On page 2, in the discussion of "The entry point of a public class", the author states "As a comparison, overloading the main method is illegal in Java." This is not quite true.
It *is* true (as I suspect the author intended to explain) that overloaded main() methods in Java cannot be entry points to the class. Only the method with the specific signature "public static void main(String args )" can serve as the entry point. The specification of the single argument "args" may vary slightly, but it must be of type String (an array of Strings). Other definitions of methods named "main" may exist, including those with different visibility levels, parameter lists, and return types. Such methods behave as would comparable methods with other names.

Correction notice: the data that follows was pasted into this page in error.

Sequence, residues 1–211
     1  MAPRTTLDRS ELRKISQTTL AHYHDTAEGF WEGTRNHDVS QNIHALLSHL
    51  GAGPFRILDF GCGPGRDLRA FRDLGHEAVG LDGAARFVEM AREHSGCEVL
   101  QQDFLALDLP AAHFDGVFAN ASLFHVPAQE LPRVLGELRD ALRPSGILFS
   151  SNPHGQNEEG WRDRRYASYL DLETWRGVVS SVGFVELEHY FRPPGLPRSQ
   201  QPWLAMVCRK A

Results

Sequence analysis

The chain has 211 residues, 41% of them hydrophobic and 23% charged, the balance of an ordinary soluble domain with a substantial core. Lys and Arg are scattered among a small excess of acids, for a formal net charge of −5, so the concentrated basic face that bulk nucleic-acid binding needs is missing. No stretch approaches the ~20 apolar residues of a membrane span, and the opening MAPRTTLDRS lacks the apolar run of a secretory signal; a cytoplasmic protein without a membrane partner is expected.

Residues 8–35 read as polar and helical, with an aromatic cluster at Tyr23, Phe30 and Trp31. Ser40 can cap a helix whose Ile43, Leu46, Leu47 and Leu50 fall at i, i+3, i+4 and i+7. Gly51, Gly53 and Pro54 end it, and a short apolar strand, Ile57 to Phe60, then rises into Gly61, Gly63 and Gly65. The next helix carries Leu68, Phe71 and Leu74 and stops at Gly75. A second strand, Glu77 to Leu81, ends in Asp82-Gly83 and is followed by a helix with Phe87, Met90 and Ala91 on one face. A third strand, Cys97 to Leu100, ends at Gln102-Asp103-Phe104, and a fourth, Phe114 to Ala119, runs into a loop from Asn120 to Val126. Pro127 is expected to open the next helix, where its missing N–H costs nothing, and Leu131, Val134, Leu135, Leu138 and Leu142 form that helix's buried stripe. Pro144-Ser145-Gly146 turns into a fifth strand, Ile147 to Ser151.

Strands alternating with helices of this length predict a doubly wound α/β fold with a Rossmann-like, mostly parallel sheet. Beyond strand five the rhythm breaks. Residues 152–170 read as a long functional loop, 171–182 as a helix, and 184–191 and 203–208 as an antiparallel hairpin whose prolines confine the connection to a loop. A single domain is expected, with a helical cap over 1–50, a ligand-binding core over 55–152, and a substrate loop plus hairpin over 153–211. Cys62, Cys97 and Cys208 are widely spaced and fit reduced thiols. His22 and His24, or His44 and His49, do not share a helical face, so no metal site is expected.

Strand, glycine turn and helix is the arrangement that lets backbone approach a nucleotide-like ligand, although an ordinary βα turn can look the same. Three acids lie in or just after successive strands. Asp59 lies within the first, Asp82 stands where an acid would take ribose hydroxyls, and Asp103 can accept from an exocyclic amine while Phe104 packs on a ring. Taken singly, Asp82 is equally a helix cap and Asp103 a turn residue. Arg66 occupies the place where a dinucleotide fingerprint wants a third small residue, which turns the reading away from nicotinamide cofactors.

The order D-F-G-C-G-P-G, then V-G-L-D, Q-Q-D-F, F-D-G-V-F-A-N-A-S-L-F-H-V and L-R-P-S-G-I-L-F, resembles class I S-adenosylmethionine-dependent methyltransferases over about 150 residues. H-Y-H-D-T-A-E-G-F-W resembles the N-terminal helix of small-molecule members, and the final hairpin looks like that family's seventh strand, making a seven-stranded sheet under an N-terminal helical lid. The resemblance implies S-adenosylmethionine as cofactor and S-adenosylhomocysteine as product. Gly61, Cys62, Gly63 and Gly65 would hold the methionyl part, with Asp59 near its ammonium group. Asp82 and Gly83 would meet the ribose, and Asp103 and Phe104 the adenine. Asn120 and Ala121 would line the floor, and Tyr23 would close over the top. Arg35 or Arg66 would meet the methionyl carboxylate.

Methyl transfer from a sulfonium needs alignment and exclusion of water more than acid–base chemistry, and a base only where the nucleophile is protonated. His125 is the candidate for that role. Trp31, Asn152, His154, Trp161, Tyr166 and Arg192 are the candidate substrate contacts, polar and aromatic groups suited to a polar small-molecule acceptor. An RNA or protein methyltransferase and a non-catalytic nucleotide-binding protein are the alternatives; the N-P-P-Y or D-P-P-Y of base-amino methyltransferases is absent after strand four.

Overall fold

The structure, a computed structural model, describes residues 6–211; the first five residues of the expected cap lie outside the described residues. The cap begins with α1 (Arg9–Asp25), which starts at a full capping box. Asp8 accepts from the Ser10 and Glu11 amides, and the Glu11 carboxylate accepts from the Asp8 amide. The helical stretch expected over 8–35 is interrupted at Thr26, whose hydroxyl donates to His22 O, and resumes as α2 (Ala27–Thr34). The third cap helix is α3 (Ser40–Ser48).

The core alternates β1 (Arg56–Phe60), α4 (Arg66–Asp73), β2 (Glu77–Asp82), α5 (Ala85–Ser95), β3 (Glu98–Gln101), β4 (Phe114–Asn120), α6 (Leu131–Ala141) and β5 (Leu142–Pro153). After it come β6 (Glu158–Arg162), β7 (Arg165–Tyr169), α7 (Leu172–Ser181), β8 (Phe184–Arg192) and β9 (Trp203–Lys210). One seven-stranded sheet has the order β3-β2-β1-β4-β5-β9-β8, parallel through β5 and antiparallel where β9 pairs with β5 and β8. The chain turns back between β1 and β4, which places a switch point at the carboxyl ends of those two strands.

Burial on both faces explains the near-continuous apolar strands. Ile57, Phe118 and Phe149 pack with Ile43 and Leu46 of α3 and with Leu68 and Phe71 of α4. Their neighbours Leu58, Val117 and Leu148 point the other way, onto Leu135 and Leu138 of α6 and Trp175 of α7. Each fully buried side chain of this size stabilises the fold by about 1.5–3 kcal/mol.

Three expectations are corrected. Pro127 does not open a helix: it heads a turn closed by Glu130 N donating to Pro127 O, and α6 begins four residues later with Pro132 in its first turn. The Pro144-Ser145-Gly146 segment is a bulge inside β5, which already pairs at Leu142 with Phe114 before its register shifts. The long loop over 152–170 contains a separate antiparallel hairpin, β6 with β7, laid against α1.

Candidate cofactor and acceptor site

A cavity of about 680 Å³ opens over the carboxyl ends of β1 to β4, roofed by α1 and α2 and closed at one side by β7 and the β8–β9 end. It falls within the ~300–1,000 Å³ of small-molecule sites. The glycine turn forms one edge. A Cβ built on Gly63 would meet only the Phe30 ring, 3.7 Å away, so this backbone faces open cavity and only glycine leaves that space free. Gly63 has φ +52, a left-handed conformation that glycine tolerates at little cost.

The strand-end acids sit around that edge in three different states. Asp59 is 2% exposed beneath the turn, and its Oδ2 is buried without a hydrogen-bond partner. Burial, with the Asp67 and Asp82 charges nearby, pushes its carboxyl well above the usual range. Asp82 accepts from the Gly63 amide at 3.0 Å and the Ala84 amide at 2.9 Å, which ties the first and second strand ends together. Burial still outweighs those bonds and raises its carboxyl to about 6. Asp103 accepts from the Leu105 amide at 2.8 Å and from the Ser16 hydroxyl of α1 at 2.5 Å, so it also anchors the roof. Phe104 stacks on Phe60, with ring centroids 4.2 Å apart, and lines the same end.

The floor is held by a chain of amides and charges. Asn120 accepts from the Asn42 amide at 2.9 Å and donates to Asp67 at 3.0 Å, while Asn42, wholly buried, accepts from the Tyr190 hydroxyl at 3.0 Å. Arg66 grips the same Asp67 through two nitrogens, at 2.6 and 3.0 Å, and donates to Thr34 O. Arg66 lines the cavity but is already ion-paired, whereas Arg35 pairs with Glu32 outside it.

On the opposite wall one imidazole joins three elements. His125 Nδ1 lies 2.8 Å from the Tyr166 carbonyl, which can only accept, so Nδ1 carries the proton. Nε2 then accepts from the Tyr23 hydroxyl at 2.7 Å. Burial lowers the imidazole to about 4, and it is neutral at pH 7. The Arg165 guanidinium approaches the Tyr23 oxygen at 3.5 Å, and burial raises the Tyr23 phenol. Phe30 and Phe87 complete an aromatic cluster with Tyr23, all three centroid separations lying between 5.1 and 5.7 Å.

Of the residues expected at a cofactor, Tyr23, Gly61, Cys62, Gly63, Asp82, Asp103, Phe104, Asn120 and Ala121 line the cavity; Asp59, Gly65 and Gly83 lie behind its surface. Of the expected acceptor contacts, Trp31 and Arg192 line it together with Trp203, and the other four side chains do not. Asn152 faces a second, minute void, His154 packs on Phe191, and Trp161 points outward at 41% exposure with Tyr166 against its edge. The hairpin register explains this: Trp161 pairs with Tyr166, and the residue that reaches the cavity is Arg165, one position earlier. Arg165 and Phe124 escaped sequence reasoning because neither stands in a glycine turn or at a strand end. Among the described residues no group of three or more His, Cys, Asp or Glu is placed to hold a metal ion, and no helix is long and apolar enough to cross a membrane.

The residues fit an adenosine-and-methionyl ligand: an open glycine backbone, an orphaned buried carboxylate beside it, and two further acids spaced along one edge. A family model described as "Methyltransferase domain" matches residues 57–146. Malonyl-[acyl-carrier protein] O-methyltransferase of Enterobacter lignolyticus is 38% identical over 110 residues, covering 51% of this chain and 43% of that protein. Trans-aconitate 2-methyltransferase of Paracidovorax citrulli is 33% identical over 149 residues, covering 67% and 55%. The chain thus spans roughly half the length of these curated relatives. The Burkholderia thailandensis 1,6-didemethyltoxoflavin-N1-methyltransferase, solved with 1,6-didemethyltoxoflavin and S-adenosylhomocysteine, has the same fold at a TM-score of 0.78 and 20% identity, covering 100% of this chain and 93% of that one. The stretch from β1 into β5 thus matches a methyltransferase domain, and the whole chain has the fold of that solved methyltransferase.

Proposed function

A class is not required to have a "public static void main(...)" method. Such a class is perfectly valid; it just cannot be excercised directly from the command line.
What you can't do in Java is specify two methods with the same name and signature (number, type, and order of arguments) with different return types. I don't have access to a C# compiler, but I suspect this would cause problems in C# as well.